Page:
Decisive Setbacks for the Old Order in Europe and the United States

In assessing last week’s developments with associates on July 1, Helga Zepp-LaRouche pointed to the acceleration of the crumbling of the old order, while the new order continues to emerge, but the outcome is still undetermined. One obvious sign of the demise of the old order are the legislative elections in France, which followed the European elections and are harbingers of what is to come in Germany with three state elections taking place later this year. French President Emmanuel Macron gambled big time and lost big time, with the results of the second round up in the air (cf. below).

Even bigger are the implications of the June 27 debate between Donald Trump and Joe Biden. U.S. allies in Europe are already starting to jump ship. Not by chance, Volodymyr Zelenskyy announced that he is now ready to negotiate with Russia, albeit through intermediaries, and the opposition leader in Germany, CDU chairman Friedrich Merz, has now called for a quick end to the war in Ukraine. Some suggest that even Macron’s surprise move was a devious way for him to avoid an inevitable future policy shift in the same direction.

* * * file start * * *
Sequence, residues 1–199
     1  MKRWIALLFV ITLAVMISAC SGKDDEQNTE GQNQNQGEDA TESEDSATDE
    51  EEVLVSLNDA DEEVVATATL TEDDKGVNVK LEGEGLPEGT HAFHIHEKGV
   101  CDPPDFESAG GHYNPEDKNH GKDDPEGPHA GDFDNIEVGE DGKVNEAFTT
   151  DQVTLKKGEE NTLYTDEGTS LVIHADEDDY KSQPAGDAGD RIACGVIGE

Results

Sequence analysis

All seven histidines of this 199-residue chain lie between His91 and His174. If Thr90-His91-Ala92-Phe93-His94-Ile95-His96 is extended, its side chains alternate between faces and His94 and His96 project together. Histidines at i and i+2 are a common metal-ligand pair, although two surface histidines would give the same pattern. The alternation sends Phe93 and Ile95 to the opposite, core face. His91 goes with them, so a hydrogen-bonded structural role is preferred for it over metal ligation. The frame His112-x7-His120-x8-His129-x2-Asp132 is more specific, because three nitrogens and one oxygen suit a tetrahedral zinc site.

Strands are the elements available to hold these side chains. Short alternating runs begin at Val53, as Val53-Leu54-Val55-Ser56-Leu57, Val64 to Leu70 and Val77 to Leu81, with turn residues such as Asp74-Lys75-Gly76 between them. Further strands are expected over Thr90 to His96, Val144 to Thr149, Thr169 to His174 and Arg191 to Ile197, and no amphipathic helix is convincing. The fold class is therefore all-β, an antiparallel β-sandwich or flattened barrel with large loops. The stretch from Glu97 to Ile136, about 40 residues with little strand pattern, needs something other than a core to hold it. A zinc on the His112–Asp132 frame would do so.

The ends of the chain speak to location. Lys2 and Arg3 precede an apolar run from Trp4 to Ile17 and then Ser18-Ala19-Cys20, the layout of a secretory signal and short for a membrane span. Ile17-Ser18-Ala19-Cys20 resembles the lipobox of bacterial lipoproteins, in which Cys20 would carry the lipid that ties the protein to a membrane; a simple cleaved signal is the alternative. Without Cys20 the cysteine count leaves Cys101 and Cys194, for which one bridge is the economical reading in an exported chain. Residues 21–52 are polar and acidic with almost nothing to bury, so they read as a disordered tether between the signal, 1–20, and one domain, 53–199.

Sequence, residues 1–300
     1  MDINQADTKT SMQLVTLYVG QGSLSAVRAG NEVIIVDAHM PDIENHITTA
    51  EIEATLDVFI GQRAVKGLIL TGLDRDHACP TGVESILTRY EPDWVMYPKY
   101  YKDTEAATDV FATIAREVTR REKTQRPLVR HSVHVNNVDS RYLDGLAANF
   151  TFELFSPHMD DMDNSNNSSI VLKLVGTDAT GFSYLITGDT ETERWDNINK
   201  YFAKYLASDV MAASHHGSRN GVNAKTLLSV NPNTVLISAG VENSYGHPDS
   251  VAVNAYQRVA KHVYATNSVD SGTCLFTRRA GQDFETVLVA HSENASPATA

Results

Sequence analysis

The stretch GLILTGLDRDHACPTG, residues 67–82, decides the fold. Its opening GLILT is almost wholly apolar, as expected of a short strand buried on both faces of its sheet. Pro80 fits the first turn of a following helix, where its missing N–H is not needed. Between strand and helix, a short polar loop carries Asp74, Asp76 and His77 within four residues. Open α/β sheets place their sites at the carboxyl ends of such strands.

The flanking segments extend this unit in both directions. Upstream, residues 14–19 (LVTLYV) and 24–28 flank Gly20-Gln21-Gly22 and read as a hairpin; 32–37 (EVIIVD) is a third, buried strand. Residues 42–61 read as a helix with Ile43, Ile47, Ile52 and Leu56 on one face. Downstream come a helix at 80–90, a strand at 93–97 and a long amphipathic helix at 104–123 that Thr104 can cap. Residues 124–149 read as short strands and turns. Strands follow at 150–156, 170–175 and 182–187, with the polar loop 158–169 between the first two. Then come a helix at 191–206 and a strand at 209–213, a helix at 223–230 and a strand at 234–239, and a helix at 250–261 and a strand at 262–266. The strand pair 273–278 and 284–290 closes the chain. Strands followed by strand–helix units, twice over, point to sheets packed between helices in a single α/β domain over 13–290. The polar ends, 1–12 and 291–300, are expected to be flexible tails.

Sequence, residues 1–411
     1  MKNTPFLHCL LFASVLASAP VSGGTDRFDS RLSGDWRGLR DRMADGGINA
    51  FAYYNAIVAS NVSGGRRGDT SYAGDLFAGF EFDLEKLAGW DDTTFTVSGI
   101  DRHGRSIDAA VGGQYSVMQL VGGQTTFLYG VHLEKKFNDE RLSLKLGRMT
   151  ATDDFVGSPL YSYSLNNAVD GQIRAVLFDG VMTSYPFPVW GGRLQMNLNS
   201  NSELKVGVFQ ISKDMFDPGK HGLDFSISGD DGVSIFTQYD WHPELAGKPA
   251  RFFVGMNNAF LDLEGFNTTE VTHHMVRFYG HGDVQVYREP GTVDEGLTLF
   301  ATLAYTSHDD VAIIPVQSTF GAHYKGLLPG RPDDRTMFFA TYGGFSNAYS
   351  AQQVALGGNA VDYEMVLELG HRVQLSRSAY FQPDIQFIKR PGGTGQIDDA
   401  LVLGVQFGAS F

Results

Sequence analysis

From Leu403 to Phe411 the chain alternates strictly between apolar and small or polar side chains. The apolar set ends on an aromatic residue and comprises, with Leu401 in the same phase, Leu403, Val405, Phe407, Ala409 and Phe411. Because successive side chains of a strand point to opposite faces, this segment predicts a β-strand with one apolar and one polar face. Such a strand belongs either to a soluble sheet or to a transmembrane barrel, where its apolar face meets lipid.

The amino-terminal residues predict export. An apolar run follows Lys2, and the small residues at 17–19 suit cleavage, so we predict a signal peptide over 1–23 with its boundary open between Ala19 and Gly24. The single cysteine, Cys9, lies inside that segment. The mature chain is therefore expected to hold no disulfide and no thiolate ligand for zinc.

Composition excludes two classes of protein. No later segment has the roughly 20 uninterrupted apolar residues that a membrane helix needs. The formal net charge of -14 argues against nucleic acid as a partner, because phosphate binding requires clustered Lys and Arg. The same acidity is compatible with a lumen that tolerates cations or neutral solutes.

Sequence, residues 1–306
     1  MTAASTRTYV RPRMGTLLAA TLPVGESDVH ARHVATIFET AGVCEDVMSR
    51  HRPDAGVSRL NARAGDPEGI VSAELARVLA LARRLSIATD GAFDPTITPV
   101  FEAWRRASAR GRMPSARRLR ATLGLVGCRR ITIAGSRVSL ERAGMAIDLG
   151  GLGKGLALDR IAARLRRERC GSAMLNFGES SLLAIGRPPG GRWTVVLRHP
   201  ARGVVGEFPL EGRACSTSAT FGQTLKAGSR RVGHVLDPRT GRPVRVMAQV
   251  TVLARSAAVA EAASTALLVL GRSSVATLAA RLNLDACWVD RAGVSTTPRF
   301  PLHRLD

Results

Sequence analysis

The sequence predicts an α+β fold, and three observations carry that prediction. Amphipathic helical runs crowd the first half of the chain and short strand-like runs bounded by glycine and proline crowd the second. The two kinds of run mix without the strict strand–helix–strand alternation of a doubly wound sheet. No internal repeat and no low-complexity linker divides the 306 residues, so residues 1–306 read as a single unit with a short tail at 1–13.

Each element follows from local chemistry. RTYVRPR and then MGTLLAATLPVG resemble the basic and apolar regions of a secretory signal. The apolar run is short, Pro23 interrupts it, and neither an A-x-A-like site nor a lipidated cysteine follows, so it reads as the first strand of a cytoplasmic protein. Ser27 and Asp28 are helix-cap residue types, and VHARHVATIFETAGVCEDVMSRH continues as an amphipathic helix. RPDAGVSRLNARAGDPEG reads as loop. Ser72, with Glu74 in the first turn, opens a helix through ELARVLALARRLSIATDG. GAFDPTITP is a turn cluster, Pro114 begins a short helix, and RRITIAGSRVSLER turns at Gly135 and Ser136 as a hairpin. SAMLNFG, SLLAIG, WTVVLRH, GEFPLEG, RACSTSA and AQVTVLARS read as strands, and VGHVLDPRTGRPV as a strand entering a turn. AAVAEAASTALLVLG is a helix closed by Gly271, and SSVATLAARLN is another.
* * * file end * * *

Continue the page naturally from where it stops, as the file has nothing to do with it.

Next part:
It is not only the perception that Biden’s candidacy is now doomed that is provoking such reverberations, but the fact that the American population and citizens around the world now realize that the President of the United States is but a figurehead, a puppet whose strings are pulled by what Lyndon LaRouche called the “invisible government”, or what Ray McGovern has dubbed the Military-Industrial-Congressional-Industrial-Media-Academia-Think-Tank Complex. Insight into who is actually running U.S. policy is given by Seymour Hersh in a new article (cf. below). Regardless of what will finally be decided at the Democratic Convention in the second half of August, Joe Biden and his controllers will have their finger on the nuclear button for at least the next six months.

Thus, the situation will remain extremely volatile over the coming period, as the powers-that-be of the old order struggle to maintain their grip over events. Their efforts, however, have less and less support, as the majority of nations line up behind the emerging new order, for which the Schiller Institute’s proposal for a new security and development architecture offers a blueprint.

Print Friendly, PDF & Email